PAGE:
____, in the online book “There is Only Awe,” reviewing Kuijsten’s book “Reflections on the Dawn of Consciousness: Julian Jaynes’s Bicameral Mind Theory Revisited,” wrote that Jaynes,
“a psychologist at Princeton, had little patience for his colleagues, who spent hours in the lab doing “petty, petty humdrum things.” He dismissed their “objective aridity,” “cunning lingo,” and “valiant nonsense.” The field of psychology, he wrote, was little more than “bad poetry disguised as science.”
“Jaynes saw his book as a work of science, and so it was critiqued, deconstructed, and made nearly irrelevant because the theories were impossible to test.”
Impossible, or simply beyond the interests of more narrowly focused academic specialists? But certainly, he had left the mainstream of psychology. And in thinking that Kuijsten’s book came out in 2007, with some recognition of Jaynes emerging at that time (the previous times being Jayne’s original publication in 1976 and the reprinting in 1990), I also was victim to the overspecialization of academia, being so immersed in medical biochemistry, that despite my interest in neurology and analysis, was, I must confess, too busy to have noticed. But this line of exposition must cease, to focus on Jayne’s ideals.
Consciousness of Consciousness
The Bicameral Mind and its Loss
Interpretations from Other Fields
Jaynes has had a larger impact in the field of linguistics. The following is from the website of Japanese linguist Yosuke Yanase (reference and link below).
Applications to Psychoanalysis and Dream Dharma
This work, like all original material in Dream Dharma written and presented by the author, is Copyright 2013 by Talmage Carawan. Every effort has been made to properly credit brief passages and photographs not my own; should an error be found, please bring it to my attention for correction.
by Julian Jaynes- The origin of consciousness in the breakdown of the bicameral mind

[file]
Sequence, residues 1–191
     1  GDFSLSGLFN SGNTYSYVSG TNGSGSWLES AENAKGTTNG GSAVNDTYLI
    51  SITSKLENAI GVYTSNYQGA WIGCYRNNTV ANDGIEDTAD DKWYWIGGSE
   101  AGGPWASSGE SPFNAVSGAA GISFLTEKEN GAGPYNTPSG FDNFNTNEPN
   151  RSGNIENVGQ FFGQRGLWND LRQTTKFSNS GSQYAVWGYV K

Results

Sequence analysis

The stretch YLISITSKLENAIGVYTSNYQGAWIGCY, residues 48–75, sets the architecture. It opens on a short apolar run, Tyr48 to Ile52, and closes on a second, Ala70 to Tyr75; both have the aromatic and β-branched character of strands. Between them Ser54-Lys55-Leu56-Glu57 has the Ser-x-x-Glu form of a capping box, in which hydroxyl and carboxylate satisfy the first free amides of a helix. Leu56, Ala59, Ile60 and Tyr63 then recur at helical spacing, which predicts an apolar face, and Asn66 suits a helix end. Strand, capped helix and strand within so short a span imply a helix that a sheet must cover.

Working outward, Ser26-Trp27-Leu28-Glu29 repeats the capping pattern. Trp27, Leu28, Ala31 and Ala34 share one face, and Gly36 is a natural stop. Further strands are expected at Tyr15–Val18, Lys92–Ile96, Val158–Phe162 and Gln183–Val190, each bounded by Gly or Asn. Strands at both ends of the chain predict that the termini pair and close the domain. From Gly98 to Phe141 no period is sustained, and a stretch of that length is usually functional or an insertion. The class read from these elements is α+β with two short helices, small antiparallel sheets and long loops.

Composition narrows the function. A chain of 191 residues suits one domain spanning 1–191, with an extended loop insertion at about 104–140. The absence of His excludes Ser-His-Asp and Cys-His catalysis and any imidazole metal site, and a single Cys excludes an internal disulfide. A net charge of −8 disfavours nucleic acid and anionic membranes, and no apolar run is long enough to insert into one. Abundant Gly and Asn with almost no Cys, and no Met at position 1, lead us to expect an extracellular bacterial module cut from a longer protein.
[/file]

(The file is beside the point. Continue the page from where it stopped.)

by Marcel Kuijsten- Reflections on the Dawn of Consciousness: Julian Jaynes’s Bicameral Mind Theory Revisited
by Princeton University- http://www.princeton.edu/pr/news/97/q4/1125-jaynes.html
by Desmond Morris- The Naked Ape: A Zoologist’s Study of the Human Animal
by Richard Dawkins- The Selfish Gene
by Jared Diamond- Natural Experiments of History, Collapse: How Societies Choose to Fail or Succeed
by Ernest Mayr- The Growth of Biological Thought
by Mayr and Diamond- The Birds of Northern Melanesia: Speciation, Ecology, and Biogeography
By way of NIH PubMed, as indexed for MEDLINE. (PMID: 17509238)
Funct Neurol. 2007 Jan-Apr;22(1):11-5. The “bicameral mind” 30 years on: a critical reappraisal of Julian Jaynes’ hypothesis, by Cavanna AE, Trimble M, Cinti F, Monaco F. Institute of Neurology, London, UK. email@example.com
In 1976 Julian Jaynes published his controversial book The Origins of Consciousness in the Breakdown of the Bicameral Mind, introducing the hypothesis of a two-chambered brain-mind model that preceded the evolutionary development of the conscious mind. Jaynes’ speculative model gave rise to a huge debate, which has reverberated throughout the current neuroscientific and neurophilosophical literature. Has the bicameral mind stood the test of time? To answer this question, the present paper adopts a multidisciplinary perspective and, after briefly summarizing Jaynes’ hypothesis, addresses two main critical issues: the neurological basis of the bicameral model and the philological accuracy of Jaynes’ arguments. Finally, the concept of a non-unitary Self is presented as one of the most relevant contemporary legacies of the bicameral mind.